David Joseph moved to Chengdu in search of new opportunities, which ultimately led him to the founding of Hub of China. Joseph and his team help companies better understand the Chinese market and consumers – no easy task. Below, he shares some challenges of market research in China and their recent findings on Chinese people’s appetite for cultured meat.
David Joseph, founder of Hub of China
What sparked your interest in China?
I’ve always been a very curious person. When I left university in 2012, I wanted to go to a country where there was a real buzz and keen business opportunities. I also knew learning Mandarin would be very helpful to me in developing commercial opportunities. I decided that Chengdu offered Western essentials but also the opportunity to immerse myself in Chinese culture.
How did Hub of China get started?
I started by teaching English. I soon saw the possibilities of creating a business employing Chinese artists. Pet owners would send photos of their animals, and these were painted in oils. This opened my eyes to the entrepreneurial opportunities in China, and Hub of China was born.
I could see that China provided a lucrative market with an ever-growing appetite for Western goods and services. I was also aware that Western countries were recovering from financial crises and required new markets. Critically, I was mindful of the lack of understanding of Chinese culture and the Chinese consumer, in particular. There was certainly only a very limited understanding of the different factions (features such as geography, age and financial reserves being amongst key discriminators); to many, China was just China. And then there were the terrible gaffs.
For example, Nike naively produced trainers with the Chinese character 發 (fa meaning getting richer) on one shoe, and 福 (fu meaning fortune arrives); Unfortunately, nobody in the marketing department had realized that, in combination, these indicated getting fat.
Thus, Hub of China was set up in late 2014. Initially, it was simply down to me to market my research, recruit, moderate and write up reports for focus groups. It was certainly a real test of my Chinese! Since 2014, our team in London and Chengdu has increased drastically.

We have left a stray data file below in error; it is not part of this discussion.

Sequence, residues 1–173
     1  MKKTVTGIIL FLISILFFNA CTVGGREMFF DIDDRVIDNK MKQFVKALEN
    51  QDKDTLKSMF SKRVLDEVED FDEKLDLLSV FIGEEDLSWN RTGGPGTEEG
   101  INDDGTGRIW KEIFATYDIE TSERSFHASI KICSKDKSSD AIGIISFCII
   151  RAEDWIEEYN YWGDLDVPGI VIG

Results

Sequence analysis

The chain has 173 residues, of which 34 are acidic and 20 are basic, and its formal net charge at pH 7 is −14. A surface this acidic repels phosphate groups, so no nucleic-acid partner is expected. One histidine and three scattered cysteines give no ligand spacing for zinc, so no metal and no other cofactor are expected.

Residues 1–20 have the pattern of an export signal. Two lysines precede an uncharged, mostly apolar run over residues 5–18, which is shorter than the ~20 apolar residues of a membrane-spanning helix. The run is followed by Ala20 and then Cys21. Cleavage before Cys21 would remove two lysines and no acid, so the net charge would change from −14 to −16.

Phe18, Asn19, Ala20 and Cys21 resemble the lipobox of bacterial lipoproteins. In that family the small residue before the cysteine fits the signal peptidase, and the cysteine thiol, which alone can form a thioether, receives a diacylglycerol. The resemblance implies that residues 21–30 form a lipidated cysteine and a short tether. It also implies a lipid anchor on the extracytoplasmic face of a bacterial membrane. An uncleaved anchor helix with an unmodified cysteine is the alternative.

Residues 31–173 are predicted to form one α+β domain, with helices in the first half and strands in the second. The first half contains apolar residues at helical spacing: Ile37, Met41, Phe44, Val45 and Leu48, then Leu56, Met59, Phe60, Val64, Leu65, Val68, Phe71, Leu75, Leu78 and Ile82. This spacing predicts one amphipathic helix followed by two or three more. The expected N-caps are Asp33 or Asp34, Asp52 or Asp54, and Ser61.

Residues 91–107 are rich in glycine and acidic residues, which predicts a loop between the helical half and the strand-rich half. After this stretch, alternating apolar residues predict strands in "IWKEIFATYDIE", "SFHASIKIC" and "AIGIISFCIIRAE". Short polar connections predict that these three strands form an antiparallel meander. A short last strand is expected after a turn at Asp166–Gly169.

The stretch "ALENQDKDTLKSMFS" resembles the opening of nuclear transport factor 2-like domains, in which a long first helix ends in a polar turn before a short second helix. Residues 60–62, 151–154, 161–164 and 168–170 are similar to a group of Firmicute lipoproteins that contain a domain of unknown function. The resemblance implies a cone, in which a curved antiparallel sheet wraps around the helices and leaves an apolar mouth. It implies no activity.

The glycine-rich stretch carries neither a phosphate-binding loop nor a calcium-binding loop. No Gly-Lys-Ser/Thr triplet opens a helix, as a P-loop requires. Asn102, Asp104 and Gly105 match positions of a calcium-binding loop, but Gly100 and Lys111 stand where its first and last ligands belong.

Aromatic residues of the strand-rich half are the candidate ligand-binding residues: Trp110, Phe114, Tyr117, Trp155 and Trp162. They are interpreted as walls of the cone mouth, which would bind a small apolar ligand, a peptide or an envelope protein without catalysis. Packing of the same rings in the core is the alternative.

What type of research and marketing services do you provide clients?
We focus on FMCGs, education and the healthcare sectors. For example, we’ve recently been conducting a number of surveys for UK universities. They have been hit hard by the impact of Brexit and the pandemic. They must develop robust marketing strategies to attract Chinese students; They are looking for quick and accurate answers to questions such as, what type of degrees interest Chinese students and what support will help students to adjust quickly to the UK way of life?
“Respondents provide information which they think the moderator wishes to hear rather than generally expressing their opinion”
What are the challenges with running focus groups in a large country like China?
One of the main issues that spring to mind is social-desirability bias. Respondents provide information which they think the moderator wishes to hear rather than generally expressing their opinion. I remember one of the first focus groups we ran was for an educational app to help teach children English. The client listened while the participants were very complimentary about the app and the user interface. In the last 20 minutes, the client had to leave and suddenly the views changed drastically. From then on we decided it would be best not to have clients present at the focus groups.
We always advise our clients to start fairly broadly with market surveys. Ideally we then follow-up with focus groups where we can question in-depth to identify the true motivation and, as far as possible, remove bias.
Your team recently surveyed Chinese consumer views of cultured meat. What were some findings that surprised you?
There is less awareness of cultured meat among Chinese consumers than their western counterparts. This did not really surprise us as there are very few Chinese companies marketing cultured meat. However, from previous research, we knew that Chinese consumers were generally not favorably disposed to Western food or novel eating experiences. We were therefore surprised at the openness of the respondents to trying cultured meats once the concept had been explained to them. Indeed 75% of respondents took a positive view. It should be noted that our research was based on 500 middle-class Chinese consumers. Although we know that youngsters are becoming more experimental, we would still expect the majority of the Chinese population to be resistant.
We were also surprised that 70% of participants were eating less meat than they did 10 years ago and the main reason (according to 30% of respondents) was their concern about animal welfare.
You can contact David via firstname.lastname@example.org and visit Hub of China’s website www.hubofchina.com.
[Cover image provided by David Joseph]
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